dispatch from wheaton

How Not to Make the Case for Metro

(By Carol Guzy -- The Washington Post)
Thursday, February 22, 2007

When things go well, there's nothing as convenient as a trip on Metro, but a reluctant companion and a missing cellphone can cause a trip to derail.

A friend and I were riding back to Silver Spring on Metro. She normally does not take Metro and was not happy about it. While I extolled the virtues of Metro -- how easy it was to jump on the train in Dupont and relax in the seat as it whisked us back to the suburbs -- she frowned silently.

She wasn't buying it.

We missed the first train at the last second and spent fifteen minutes sitting on the cold bench on the platform waiting for the next one. The next train was packed. No relaxing as we rocketed across town squeezed against the back of the crowded train.

After Union Station, the crowd on our train started to thin out, and we found a seat together. Sharon was not pleased.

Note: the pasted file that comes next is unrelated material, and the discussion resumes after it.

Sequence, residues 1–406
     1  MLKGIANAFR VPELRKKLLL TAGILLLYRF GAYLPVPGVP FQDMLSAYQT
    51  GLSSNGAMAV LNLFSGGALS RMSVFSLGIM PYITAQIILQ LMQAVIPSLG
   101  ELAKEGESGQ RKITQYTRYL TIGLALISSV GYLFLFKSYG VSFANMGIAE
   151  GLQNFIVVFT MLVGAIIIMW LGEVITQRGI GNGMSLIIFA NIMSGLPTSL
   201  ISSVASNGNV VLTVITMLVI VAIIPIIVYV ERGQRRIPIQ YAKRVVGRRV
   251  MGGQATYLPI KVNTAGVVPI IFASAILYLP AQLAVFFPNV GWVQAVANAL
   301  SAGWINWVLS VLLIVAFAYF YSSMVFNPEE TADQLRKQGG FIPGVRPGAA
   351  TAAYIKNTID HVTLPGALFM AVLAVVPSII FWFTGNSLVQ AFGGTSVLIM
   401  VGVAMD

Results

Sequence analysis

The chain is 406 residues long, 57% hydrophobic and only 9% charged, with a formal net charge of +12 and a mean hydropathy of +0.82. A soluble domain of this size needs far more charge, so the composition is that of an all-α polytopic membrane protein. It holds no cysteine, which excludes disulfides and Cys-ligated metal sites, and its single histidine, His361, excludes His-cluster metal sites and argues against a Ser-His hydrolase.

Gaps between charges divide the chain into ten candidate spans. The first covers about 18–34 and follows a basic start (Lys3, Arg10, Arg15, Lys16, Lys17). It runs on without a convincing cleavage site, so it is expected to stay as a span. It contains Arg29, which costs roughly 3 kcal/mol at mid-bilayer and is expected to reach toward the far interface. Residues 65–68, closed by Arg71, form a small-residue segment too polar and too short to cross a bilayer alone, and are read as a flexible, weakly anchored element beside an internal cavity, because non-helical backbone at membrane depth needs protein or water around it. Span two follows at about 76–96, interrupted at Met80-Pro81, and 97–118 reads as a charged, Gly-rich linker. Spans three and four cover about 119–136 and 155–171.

"We could have been back 30 minutes ago if we'd driven like I wanted to," she reminded me.

I pointed out the wonderful view to her, as the train climbed out onto the sunny elevated track. The CNN building outside Union Station, Rhode Island Avenue, the new condominiums in Takoma Park, and then finally Silver Spring.

The conductor warned us that Silver Spring would be the Last Stop. Our train was going out of service.

Everyone shuffled off the train. Sharon and I were among the last ones off, when I realized I'd left my cellphone on our seat.

"Sharon! My cellphone!" I yelped.

Sharon and I both jumped back on the train, as the conductor announced his last warning -- "Train out of service!" -- turning the lights out and snapping the doors shut, trapping Sharon and I inside the off-duty train.

Sharon and I ran to the door, but it was too late. Our former fellow passengers waiting on the platform for the next train continuing on to Glenmont, smiled in surprised amusement as they regarded Sharon and me under glass, pulling away from the station in the darkened train, our hands pressed against the window like prisoners.

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